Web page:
3. To all tubes add 1.0 ml of Working Tracer (Note 2, Flow Chart) Solution. Prepare immediately prior to the assay. Mix all tubes gently.
4. Prepare a total counts tube by adding 1.0 ml Working Tracer Solution to a counting vial. Set aside until Step 11.
5. Place the tube rack containing all of the tubes in a boiling water bath for 15 minutes. Cap or cover tubes loosely. Cool to room temperature by placing in a cold water bath.
6. To the blank add 1.0 ml of distilled water. To all tubes except the blank add 1.0 ml of Folate Binding Protein Working Solution (Note 3, Flow Chart) Mix all tubes well.
7. Incubate at room temperature for 30 minutes.
8. At the end of the incubation period, add one Adsorbent Tablet to each tube, allow to stand about 5 minutes. Vortex each tube for approximately 10 seconds. Allow to stand about 5 minutes.
9. Centrifuge all tubes about 10 minutes at about 2000-3000 RPM to pack the adsorbent.
10. Decant the supernatants into appropriately labelled counting vials.
11. Count each supernatant and the total counts tube. Record the counts.
Utilizing the above procedure a typical calculation may be made as follows with the results graphically displayed in the accompanying drawing.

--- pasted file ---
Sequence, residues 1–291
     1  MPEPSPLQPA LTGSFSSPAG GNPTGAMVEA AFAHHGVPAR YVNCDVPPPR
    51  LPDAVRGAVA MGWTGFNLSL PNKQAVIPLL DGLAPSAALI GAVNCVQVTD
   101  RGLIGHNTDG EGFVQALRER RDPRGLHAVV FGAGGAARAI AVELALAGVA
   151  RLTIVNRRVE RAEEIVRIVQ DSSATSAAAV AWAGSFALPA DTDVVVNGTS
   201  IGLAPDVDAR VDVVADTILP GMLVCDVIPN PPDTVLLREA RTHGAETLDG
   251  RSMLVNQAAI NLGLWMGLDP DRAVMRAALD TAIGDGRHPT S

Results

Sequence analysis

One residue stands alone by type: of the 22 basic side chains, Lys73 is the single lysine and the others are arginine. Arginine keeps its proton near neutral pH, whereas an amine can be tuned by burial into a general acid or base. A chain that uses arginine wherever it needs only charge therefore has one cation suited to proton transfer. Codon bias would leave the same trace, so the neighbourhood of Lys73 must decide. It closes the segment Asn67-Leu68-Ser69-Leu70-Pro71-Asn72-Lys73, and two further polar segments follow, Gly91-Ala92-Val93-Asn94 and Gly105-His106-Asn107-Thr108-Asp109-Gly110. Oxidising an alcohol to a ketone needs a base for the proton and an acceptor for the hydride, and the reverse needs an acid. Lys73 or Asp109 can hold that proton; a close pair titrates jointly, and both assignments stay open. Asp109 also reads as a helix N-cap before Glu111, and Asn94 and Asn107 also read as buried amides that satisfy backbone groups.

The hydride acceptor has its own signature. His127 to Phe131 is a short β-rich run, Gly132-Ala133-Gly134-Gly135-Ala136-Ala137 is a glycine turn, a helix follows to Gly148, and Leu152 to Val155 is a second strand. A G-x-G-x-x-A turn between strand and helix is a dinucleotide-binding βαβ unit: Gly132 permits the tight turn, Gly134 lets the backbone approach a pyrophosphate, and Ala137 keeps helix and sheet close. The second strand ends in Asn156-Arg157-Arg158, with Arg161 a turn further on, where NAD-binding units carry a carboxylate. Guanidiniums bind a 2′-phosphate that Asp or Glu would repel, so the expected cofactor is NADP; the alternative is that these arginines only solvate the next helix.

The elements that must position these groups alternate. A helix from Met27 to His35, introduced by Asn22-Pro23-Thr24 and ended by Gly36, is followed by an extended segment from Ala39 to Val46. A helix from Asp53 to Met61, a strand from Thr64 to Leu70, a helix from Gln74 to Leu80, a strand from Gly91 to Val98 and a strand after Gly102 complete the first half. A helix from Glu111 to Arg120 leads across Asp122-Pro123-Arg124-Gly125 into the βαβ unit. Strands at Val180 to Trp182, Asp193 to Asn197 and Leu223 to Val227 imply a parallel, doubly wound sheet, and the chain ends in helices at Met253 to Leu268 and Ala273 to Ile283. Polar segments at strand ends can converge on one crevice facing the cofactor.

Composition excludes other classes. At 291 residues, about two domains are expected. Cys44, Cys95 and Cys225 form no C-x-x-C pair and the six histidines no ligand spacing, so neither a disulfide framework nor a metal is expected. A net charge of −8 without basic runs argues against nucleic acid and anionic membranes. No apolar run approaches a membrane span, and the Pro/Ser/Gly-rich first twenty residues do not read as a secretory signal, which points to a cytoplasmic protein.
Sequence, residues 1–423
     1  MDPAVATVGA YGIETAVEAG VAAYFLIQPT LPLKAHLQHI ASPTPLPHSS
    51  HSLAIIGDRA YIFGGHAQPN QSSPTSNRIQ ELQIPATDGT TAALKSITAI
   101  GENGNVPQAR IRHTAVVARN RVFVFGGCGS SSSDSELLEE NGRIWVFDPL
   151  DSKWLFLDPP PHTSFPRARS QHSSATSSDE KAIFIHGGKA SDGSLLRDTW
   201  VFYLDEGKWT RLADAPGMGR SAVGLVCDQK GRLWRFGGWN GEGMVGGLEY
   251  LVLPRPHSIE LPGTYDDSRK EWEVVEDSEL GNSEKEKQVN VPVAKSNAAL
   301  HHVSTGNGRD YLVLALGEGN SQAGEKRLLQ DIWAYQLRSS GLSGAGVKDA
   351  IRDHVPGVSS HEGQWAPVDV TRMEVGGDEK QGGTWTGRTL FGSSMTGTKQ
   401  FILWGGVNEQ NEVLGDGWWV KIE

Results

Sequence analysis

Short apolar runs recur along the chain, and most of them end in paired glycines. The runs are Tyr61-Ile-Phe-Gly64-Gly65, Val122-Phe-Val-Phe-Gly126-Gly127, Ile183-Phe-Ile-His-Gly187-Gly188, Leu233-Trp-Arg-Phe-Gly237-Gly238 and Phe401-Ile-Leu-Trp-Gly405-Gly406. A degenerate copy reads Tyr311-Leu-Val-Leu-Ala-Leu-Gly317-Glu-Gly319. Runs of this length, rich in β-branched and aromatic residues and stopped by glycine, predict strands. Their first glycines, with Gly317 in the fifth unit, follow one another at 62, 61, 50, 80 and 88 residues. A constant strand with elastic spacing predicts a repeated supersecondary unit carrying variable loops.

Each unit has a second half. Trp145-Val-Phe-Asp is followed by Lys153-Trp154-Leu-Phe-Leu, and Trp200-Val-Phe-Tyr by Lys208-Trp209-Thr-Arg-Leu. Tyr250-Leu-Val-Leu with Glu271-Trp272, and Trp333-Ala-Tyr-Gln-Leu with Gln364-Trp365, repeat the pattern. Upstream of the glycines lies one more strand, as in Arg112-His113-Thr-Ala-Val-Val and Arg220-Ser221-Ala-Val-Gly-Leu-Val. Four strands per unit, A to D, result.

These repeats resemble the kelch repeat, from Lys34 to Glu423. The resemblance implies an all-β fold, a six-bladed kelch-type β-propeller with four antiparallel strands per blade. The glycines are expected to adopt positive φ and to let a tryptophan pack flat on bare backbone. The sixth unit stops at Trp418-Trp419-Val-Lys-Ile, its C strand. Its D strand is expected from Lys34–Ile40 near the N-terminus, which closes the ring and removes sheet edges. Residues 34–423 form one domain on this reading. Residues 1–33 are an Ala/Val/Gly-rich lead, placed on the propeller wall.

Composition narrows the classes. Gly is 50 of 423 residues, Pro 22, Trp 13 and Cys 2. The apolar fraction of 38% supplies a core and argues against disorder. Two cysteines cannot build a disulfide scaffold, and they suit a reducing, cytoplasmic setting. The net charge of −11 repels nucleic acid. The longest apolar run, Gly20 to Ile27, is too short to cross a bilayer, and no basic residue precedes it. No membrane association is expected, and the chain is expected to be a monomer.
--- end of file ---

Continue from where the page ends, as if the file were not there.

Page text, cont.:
1. Subtract the average net cpm of the blank from the net cpm of the standards and patient samples to obtain corrected cpm.
B= corrected cpm for each standard or sample tube.
I= cpm of the total counts tube.
2. Divide the corrected cpm of each standard and patient sample (B) by the cpm of the total counts tube (T). Multiply this quotient by 100 to obtain the percentage of bound labelled folate as a function of the total counts T(% B/T).
3. Plot each of the standards on linear graph paper, with % B/T on the Y axis, against concentration of folate in ng/ml on the X axis. Draw a smooth curve through the standard points plotted. See FIG. 1.
4. Convert the % B/T values of the patient samples into ng/ml folate using the curve constructed in (3).